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Music to Your Ears

Nothing really engages the human brain like music.

The left brain enjoys rhythmic structures, chord progressions, and the way lyrics fit nicely. While the right brain soars on melody and emotional responses produced by the infinite combinations of instruments and voices.

But music's effect on the brain may go far beyond enjoyment. In fact, more than 5,000 certified music therapists in the U.S. base their professional practice on the healing properties of music.

Along with these specialized therapists, neurologists have been conducting research that's already revealed evidence that music is a multipurpose therapeutic tool.

Less confusion, less depression

In a recent Los Angeles Times article, Harvard neurologist Dr. Gottfried Schlaug explains that when an area of the brain is disabled due to trauma or disease, music provides a unique way to reach that area, sometimes restoring impaired functions such as movement, memory, and speech.

For instance, researchers have found that music can establish a steady pace that helps patients with advanced Parkinson's disease initiate walking.

Music therapy has also been used to temporarily open up areas of memory for Alzheimer's patients. And in one study, mood and function significantly improved in subjects with dementia who learned that when they pushed a button they would be rewarded with a familiar song.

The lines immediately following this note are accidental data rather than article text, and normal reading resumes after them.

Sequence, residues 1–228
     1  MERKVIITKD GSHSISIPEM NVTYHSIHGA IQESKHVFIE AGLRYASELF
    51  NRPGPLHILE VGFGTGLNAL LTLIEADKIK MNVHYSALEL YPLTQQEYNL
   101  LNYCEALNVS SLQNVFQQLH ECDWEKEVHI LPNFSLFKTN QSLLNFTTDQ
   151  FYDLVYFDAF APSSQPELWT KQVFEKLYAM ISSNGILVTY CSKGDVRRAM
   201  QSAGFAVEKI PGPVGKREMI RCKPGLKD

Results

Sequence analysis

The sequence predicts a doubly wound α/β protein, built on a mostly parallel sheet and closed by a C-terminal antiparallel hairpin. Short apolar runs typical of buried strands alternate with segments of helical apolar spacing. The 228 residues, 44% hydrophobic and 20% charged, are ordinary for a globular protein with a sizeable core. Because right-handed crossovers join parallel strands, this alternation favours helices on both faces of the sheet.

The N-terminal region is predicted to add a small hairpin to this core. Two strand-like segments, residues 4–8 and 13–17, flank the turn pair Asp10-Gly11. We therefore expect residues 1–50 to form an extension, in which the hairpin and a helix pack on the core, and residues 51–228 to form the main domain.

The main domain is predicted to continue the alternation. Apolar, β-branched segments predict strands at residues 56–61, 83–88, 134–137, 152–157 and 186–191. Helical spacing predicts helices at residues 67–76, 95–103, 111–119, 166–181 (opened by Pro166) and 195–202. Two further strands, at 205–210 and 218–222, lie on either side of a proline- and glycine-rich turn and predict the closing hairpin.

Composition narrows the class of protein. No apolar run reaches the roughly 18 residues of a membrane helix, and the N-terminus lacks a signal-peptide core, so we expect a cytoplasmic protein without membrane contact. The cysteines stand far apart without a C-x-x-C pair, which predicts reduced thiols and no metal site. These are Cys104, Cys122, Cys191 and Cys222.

In research conducted by Dr. Schlaug, stroke victims who developed speech impairments were taught to improve speech fluency by expressing themselves with a chant-like form of singing.

Last year, I told you about a University of Helsinki study that examined 60 stroke patients. Divided into three groups, some patients listened to whatever music they liked, some patients listened to audio books, and some patients had no specific listening plan.

After three months, focused attention and mental operation abilities improved by nearly 20 percent in the music group, but didn't improve at all in the other two groups. Verbal memory scores in the music group improved by a very large margin, and subjects were less confused and less depressed compared to the other groups.

One stroke expert told the BBC that more research is needed before widespread use of music as therapy can be recommended for stroke victims. This caution is laughable unless someone can produce any evidence at all of a single adverse side effect of music.

Jenny Thompson
is the Director of the Health Sciences Institute and editor of the HSI e-Alert. Visit to sign up for the free HSI e-Alert.

April 8, 2010


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